Check out Part 2 of our engine build!

It is a known fact that a person's pupils dilate slightly when viewing something pleasant to the eyes. Well, gaze upon these numbers—a 421ci Pontiac with Tri-Power carburetion.

Wide-eyed yet? We are.

Here is another number to ponder: 370 hp. That's the factory rating of the legendary 421 H.O. Tri-Power equipped Pontiac hot rod—a stout piece by anyone's standards.

Ever wonder what it would take to increase that number by 100? Jim Taylor, well-known Pontiac engine builder, had that question on his bucket list for years. Jim told HPP, "Since I was a young man in the '60s, I always thought how great it would be to find a true 100hp in a legendary 421 Tri-Power setup that retained its iron heads and intake. I don't know if it can be done, but I'm going to try." HPP decided to follow this exciting exercise; we show you the highlights in this two-part primer.

True Pontiac engines were designed and built in Detroit—not on a computer, but often by GI-bill-educated engineers who grew up working with their hands and now had a slide rule in their pocket instead of a greasy rag. These guys lived by mathematics since every function of an engine that converts chemical to mechanical energy can be assigned a number. Math, not gasoline, makes horsepower under the hood of a Pontiac. Jim Taylor knows this, so he took a mathematical engineering-style approach to finding 100 hp in a relatively optimized engine.

It's well documented that an internal combustion engine is nothing more than an air pump. Greater throughput mixed with the proper amount of fuel and ignited at the ideal time for the flame to expand against the piston will result in more power. Thus, the quest to find 100 hp in a 421 started on the flow bench, before a wrench or machine tool touched any part of the 49-year-old engine. Not where most enthusiasts go first.

Using an equation the author has provided in HPP many times—most recently with The Mule engine series—it was revealed that around 228.6-cfm flow though the intake port of the cylinder head is required to produce the desired 470 hp.

For those who may not be familiar with the equation, here it is again:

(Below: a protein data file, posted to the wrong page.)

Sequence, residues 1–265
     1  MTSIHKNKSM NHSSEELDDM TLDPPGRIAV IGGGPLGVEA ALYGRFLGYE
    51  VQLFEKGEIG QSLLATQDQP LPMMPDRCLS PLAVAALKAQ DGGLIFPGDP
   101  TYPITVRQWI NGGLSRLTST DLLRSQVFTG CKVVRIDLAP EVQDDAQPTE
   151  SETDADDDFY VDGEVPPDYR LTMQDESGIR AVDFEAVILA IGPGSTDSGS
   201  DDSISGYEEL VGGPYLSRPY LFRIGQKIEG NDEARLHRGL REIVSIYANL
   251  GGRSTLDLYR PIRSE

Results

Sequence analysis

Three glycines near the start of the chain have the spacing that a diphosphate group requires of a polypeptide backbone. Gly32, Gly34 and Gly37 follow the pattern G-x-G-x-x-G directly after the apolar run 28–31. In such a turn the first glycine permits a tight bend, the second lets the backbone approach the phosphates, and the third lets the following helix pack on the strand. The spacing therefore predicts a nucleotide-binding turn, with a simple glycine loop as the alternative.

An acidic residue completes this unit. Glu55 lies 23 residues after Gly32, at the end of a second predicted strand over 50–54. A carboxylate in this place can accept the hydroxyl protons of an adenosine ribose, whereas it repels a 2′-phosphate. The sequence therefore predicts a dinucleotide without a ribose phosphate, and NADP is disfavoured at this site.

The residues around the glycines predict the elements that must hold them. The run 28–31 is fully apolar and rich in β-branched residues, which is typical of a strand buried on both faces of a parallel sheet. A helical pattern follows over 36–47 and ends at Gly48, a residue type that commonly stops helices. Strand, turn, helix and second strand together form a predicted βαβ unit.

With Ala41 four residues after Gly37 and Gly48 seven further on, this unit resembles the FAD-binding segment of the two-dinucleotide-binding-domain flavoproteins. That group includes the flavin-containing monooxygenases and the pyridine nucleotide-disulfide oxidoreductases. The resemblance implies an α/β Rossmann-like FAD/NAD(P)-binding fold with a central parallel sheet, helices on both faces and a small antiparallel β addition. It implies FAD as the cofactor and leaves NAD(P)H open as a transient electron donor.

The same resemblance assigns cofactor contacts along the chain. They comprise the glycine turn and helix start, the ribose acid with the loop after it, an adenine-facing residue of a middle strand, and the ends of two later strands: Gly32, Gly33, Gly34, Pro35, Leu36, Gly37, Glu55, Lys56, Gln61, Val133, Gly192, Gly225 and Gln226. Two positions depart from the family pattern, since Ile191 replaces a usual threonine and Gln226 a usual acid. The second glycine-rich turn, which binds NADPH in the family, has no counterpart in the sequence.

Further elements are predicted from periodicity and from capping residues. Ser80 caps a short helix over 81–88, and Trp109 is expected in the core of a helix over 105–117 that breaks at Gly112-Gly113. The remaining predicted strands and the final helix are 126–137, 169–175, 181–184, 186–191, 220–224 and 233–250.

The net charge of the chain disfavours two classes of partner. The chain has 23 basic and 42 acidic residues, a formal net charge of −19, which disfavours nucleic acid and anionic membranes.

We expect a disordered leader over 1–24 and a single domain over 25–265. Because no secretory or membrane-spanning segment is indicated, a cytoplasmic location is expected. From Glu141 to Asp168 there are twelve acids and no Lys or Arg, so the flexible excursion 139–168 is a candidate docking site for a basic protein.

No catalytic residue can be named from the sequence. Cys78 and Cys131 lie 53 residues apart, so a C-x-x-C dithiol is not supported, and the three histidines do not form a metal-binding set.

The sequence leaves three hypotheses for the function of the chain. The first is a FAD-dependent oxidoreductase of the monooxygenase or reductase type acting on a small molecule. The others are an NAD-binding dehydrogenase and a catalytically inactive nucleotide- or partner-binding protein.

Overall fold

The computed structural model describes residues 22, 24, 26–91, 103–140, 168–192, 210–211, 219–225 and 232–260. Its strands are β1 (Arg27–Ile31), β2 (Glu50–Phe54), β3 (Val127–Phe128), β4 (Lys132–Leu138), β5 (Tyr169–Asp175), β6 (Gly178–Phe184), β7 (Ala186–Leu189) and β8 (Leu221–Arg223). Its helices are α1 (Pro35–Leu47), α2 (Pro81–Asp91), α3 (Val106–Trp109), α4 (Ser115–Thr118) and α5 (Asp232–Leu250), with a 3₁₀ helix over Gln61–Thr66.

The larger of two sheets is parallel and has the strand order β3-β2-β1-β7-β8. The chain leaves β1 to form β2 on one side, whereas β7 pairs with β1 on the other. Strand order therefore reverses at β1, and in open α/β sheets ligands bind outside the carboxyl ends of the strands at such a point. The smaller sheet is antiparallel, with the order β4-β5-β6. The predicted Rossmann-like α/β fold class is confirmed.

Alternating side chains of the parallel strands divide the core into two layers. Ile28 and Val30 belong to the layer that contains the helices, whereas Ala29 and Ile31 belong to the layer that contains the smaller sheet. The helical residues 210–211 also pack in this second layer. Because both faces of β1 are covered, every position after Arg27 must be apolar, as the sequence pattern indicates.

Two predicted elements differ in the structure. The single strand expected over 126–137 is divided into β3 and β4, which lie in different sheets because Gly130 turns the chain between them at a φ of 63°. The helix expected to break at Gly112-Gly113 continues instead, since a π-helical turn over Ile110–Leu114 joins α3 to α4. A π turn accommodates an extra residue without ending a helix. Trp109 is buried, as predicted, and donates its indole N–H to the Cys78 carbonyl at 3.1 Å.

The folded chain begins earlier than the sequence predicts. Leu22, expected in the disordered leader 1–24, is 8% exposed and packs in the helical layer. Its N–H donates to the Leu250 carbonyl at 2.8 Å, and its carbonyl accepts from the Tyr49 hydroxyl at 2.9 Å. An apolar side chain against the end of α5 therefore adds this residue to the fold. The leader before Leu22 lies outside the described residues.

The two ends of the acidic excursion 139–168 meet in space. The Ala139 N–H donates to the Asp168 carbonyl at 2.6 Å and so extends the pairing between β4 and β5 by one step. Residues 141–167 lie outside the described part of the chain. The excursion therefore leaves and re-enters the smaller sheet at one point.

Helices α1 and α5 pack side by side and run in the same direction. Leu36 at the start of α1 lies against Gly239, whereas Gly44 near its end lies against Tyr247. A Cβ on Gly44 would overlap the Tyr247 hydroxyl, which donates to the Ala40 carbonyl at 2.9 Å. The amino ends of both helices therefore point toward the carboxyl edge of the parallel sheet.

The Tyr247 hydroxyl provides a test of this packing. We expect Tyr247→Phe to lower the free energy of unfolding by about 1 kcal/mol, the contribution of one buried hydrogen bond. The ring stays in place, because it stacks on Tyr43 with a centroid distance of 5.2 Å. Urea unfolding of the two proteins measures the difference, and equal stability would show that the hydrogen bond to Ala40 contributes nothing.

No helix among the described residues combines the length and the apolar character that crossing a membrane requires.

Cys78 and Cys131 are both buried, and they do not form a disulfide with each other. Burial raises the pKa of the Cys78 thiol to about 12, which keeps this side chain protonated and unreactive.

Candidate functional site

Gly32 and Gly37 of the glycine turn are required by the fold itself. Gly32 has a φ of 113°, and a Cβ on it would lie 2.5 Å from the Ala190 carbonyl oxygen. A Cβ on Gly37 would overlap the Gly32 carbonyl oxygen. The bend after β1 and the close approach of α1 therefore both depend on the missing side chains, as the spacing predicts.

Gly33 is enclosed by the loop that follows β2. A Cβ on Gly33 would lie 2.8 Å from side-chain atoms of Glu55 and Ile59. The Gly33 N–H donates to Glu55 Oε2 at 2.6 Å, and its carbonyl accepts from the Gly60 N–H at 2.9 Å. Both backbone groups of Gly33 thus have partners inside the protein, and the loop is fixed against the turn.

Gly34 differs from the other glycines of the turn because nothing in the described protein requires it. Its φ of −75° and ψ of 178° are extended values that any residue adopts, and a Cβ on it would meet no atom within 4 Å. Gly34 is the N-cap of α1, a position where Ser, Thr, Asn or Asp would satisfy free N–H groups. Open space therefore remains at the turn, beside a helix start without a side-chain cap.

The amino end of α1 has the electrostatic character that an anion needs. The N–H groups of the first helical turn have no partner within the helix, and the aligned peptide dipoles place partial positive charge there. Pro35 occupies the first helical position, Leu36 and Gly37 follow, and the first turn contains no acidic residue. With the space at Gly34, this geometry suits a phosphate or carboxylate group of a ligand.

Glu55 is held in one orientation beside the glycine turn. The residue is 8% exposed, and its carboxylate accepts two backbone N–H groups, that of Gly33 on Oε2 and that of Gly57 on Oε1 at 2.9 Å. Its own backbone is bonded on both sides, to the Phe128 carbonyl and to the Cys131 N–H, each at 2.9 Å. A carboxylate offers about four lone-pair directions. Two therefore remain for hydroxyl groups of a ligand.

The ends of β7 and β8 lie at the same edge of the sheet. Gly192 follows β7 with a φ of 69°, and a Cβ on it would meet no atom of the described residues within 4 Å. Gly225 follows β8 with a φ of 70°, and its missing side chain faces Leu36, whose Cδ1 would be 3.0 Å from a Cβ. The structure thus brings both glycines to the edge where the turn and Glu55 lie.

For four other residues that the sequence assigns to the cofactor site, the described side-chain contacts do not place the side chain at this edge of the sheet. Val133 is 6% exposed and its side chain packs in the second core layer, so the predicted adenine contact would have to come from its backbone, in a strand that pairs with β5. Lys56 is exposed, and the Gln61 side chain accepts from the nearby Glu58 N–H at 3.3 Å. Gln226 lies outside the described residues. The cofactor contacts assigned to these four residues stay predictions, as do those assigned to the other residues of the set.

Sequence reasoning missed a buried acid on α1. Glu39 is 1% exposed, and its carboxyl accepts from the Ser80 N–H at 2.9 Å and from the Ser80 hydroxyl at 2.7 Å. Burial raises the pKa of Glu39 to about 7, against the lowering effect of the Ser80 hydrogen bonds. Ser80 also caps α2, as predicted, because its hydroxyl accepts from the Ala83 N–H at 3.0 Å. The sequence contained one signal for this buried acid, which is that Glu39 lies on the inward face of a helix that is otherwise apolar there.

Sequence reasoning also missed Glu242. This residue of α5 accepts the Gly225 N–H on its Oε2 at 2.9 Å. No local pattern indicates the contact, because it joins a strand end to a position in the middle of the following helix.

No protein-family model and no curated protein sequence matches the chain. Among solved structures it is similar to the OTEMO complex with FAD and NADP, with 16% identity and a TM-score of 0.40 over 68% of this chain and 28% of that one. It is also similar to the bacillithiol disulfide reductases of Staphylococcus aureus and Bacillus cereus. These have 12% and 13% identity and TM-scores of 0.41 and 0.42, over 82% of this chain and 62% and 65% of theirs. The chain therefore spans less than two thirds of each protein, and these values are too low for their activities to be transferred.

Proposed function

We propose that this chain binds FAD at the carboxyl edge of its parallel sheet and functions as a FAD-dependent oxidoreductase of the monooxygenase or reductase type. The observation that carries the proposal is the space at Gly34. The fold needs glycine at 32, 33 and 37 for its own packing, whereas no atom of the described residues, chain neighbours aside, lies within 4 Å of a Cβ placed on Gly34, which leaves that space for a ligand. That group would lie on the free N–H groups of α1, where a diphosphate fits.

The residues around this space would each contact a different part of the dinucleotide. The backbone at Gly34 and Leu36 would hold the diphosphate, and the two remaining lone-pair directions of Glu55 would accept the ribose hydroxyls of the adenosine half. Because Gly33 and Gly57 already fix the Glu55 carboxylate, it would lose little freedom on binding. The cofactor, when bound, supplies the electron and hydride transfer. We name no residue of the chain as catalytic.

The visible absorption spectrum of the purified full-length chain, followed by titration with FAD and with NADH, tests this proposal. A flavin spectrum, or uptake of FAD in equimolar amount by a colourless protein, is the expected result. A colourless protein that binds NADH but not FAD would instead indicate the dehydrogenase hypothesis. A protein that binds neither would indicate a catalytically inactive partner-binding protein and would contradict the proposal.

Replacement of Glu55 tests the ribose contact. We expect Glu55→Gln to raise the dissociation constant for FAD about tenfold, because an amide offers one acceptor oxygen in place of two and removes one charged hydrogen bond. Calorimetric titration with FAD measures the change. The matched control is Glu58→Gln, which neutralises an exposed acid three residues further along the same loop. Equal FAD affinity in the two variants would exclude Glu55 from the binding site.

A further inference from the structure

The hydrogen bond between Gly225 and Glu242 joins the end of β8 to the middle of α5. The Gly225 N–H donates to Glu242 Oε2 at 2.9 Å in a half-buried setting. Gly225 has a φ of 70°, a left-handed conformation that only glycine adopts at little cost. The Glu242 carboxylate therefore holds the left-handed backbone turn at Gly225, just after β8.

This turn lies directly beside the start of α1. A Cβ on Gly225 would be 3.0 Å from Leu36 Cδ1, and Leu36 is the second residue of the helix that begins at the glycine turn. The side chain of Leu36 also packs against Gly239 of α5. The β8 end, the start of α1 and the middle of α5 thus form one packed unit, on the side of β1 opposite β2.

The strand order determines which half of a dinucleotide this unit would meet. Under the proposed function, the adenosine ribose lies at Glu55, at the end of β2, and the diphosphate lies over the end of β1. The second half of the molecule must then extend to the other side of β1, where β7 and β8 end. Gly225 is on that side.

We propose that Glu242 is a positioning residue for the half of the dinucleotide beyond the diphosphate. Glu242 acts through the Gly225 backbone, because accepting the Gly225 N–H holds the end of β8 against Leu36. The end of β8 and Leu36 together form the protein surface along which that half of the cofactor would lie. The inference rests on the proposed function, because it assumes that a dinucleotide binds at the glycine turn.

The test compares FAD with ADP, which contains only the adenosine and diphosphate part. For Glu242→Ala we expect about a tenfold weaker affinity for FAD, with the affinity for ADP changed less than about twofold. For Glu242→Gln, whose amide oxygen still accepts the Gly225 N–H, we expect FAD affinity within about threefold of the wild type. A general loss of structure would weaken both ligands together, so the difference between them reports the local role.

Required airflow at 28 in/H2O = HP/ # of cylinders/0.257
To determine horsepower from airflow, invert the equation:
HP = flow at 28 in/H2O x 0.257 x # of cylinders

Though airflow is paramount in making power, there are other aspects of the engine that are just as important. Where else will the extra 100 horses come from?

Starting at the bottom, Jim will employ lighter and stronger parts in the reciprocating assembly, as evidenced by the choice of Howards billet rods and forged Icon pistons. The rod weighs 751 grams versus the stock rod at 958 grams. The piston weighs 630 grams with the pin versus the stock piston and pin weight of 790 grams. Reductions in reciprocating weight free up horsepower.

For a few more ponies through better oil control, a factory full-length windage tray will be added, since Pontiac didn't use one on this engine originally. Cam choice is always extremely important, and Jim decided to go with an aggressive Crower mechanical flat-tappet stick with 247/252-degrees duration at 0.050 and 0.515/0.525 lift (0.495/0.505 with 0.020 lash) with 1.6:1 rockers. Crower identifies this cam as a Level 4, which means it provides strong midrange and top-end power for heavily modified engines.

The company says engines running this cam benefit from headers, cylinder-head port work, a large-cfm carb, and an ignition upgrade. It requires a compression ratio of at least 10.25:1. By comparison, the factory 421 H.O. cam specs out at 215/225-degrees duration at 0.050 and has just 0.407/0.407 lift with the factory 1.50:1 rockers.